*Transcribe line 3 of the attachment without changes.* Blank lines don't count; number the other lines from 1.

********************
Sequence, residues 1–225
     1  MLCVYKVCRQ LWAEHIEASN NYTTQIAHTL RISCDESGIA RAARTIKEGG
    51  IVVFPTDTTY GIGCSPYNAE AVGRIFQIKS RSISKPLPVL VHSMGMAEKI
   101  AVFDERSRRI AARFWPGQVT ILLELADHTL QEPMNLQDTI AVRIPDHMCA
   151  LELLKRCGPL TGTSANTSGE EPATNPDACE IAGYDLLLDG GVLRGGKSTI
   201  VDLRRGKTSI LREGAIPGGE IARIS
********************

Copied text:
    51  IVVFPTDTTY GIGCSPYNAE AVGRIFQIKS RSISKPLPVL VHSMGMAEKI